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Call to Action: Senate Bill 4

Updated: May 5, 2022

Update: The Senate shut down amendments to Bill 4 and the bill has returned to Governor Youngkin to be signed without amendments. The Governor can now either sign or veto this bill. Urge Governor Youngkin to pass Senate Bill 4 into law:

Twitter: @GlennYoungkin



A bill moving through the Virginia legislature would limit the governor’s powers in an emergency, but Gov. Glenn Youngkin’s recently proposed amendment would wrangle back the very power the bill is trying to curb.

Senate Bill 4, identical to House Bill 158, would limit the duration of any rule, regulation or order issued by the governor under the Emergency Services and Disaster Law to no more than 45 days. If the General Assembly does not take any action on an emergency order issued by the governor within that 45-day timeframe, the order would expire and the governor would be prohibited from issuing the same or similar order relating to the same emergency.

However, Youngkin’s proposed amendment would allow for the governor to extend an order after 30 days for another 30-day period during which time the General Assembly may be convened to consider action on the order. After 60 days, the governor would be allowed to extend the order yet again for another period of 30 days. If, after 90 days the General Assembly has not taken action for an extension, the governor would finally be prohibited from issuing the same or similar order.

But one crucial provision in the governor’s amendment appears to give him the ability to circumvent this time limitation in emergency situations:“Such limitations on the duration of rules, regulations, or orders issued under this section shall not apply to the Commonwealth of Virginia Emergency Operations Plan.” If the bill including this amendment were to be passed and written into law, it appears limitations meant to curb the governor’s power concerning executive orders would be null and void if he were to implement the Commonwealth of Virginia Emergency Operations Plan. Furthermore, the bill assures the governor the role of Director of Emergency Management with sole discretion to declare an emergency.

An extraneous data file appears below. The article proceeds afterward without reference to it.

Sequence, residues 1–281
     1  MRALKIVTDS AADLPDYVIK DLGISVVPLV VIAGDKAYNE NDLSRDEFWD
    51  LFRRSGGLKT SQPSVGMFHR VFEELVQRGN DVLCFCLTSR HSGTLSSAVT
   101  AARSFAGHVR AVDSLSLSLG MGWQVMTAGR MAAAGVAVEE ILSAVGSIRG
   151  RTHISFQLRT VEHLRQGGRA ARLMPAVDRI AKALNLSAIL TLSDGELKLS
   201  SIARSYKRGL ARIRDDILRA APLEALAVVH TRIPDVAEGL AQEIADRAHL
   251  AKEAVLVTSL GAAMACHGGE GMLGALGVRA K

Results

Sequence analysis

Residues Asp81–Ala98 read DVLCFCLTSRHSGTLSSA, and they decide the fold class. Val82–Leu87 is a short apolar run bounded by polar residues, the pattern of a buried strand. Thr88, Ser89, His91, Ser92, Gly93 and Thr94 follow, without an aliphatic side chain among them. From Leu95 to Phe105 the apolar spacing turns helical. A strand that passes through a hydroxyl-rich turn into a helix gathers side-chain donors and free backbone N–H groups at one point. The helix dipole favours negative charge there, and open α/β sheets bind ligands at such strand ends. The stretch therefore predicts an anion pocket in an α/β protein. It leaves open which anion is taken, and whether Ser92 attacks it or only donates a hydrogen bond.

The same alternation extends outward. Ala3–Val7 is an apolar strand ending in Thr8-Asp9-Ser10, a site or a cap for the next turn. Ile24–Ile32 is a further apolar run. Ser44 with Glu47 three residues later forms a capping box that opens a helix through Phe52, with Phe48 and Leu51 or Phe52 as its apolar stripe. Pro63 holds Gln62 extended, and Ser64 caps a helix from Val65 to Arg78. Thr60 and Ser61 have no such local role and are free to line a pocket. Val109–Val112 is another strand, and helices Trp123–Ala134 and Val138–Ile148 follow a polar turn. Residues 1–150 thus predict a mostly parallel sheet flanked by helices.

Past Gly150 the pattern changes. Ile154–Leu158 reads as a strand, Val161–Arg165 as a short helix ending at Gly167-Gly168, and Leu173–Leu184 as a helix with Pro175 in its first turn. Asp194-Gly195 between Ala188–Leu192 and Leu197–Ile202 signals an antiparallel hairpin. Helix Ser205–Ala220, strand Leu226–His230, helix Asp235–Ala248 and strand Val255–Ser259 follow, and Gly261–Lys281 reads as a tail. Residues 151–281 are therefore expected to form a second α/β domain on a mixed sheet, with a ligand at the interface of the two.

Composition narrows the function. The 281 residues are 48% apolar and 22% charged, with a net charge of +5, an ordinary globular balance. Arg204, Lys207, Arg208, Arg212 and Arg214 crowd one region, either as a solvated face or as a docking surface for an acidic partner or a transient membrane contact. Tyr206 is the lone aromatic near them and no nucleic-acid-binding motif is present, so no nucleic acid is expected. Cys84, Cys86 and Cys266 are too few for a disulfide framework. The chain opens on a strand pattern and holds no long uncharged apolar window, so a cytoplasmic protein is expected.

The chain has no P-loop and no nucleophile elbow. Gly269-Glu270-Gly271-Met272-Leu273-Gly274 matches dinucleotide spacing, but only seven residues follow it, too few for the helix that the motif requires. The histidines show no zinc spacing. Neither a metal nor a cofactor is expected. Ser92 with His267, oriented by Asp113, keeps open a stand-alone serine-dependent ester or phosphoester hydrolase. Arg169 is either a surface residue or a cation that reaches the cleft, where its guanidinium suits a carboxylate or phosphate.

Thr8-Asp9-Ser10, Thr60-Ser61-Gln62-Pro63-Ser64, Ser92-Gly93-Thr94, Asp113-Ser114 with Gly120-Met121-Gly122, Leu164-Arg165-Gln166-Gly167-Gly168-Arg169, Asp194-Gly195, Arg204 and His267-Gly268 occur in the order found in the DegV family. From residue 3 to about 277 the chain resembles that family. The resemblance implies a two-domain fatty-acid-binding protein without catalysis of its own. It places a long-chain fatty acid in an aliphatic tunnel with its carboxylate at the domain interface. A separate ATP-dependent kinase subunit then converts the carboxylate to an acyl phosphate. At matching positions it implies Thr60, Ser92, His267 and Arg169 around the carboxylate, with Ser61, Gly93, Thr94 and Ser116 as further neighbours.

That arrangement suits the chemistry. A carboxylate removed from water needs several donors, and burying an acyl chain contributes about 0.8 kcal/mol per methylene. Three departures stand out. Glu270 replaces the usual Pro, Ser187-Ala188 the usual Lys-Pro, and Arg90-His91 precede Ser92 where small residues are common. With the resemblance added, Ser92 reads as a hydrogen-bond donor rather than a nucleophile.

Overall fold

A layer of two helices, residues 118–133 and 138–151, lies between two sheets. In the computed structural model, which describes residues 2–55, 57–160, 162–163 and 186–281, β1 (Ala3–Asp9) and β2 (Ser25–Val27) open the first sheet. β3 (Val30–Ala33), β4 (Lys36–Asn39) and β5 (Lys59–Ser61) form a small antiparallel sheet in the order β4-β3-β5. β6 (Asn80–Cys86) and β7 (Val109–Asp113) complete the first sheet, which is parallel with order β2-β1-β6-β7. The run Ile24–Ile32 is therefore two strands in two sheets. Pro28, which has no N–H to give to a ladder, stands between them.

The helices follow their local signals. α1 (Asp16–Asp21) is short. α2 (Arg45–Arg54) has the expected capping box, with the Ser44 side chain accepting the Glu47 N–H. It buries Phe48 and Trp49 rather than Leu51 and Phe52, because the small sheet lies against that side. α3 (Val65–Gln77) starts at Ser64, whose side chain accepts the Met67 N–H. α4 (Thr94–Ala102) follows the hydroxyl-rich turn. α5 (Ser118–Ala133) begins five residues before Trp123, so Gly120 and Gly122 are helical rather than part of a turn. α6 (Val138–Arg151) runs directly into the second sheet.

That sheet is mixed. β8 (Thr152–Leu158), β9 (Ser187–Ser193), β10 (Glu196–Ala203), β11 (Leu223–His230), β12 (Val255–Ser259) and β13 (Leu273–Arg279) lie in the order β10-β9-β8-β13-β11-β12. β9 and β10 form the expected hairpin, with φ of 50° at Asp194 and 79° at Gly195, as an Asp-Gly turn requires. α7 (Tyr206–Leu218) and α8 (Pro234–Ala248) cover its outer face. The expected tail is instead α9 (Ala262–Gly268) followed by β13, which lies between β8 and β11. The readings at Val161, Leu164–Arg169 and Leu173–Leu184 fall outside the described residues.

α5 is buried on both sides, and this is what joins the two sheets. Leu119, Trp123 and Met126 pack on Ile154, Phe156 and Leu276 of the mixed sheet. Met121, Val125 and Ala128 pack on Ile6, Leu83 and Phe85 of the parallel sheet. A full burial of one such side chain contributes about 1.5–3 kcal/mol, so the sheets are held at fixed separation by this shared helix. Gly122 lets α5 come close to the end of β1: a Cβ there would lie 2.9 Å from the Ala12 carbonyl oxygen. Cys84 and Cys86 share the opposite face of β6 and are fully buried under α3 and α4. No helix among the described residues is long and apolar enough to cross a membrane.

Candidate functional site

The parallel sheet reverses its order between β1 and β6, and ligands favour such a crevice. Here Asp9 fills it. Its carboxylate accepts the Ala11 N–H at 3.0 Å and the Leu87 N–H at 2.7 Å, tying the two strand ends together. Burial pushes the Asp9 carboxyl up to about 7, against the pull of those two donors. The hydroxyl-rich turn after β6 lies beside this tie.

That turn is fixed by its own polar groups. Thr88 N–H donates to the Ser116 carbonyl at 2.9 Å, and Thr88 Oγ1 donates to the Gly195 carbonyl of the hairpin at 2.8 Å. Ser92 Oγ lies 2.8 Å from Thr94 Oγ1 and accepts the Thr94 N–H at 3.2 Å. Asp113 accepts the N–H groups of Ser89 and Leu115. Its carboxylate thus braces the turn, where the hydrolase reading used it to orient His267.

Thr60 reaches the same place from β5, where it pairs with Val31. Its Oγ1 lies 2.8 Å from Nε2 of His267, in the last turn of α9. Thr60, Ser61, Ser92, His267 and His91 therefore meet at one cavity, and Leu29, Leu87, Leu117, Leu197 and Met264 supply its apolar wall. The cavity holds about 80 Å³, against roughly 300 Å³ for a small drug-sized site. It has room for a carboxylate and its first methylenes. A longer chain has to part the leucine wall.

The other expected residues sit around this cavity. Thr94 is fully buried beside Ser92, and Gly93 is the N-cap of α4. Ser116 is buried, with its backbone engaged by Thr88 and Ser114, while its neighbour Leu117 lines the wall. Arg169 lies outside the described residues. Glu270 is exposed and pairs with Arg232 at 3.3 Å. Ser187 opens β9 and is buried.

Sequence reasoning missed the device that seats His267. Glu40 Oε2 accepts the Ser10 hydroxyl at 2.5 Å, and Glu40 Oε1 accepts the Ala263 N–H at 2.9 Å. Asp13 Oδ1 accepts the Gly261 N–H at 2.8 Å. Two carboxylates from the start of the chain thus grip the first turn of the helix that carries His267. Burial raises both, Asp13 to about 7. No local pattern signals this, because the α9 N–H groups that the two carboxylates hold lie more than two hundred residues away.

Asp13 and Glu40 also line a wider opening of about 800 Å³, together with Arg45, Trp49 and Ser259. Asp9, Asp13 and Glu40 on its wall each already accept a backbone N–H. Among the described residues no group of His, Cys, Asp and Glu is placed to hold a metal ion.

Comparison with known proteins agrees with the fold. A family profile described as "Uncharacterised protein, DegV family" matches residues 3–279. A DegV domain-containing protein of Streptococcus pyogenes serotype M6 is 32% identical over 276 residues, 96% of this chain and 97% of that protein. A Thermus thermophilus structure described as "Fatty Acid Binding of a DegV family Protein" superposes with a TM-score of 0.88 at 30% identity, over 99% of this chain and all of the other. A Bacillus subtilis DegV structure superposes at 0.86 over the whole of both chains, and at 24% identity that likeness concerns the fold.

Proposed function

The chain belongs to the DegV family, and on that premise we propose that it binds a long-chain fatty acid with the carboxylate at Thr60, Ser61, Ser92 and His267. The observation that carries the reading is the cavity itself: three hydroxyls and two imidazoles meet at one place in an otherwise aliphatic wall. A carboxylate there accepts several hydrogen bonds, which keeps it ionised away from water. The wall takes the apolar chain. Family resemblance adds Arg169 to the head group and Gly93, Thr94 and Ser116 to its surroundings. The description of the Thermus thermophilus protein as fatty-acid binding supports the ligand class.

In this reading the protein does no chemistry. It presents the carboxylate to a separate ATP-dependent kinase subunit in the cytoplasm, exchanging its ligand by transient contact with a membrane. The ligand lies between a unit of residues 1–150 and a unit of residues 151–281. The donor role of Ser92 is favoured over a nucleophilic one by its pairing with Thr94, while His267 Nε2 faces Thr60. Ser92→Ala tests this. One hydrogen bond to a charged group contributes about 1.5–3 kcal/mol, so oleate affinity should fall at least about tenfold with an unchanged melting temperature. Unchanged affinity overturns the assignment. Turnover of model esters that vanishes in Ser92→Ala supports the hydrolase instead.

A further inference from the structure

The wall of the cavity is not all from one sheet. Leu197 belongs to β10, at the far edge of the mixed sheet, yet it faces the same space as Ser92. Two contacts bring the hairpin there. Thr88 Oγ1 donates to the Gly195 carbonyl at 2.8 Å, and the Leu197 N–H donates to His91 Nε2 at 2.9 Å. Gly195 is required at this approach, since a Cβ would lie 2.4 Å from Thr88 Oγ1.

The bill would also secure the governor power to “control, restrict, allocate or regulate the use, sale, production and distribution of food, fuel, clothing and other commodities, materials, goods, services and resources under any state or federal emergency services programs.” Current law states executive orders issued by the governor under the Emergency Services and Disaster Law are effective until June 30 following the next regular session of the General Assembly unless an earlier end date is specified.

If you oppose these amendments, make sure to contact your representatives and the governor’s office and ask them to sign Senate Bill 4 as it is, without amending it.

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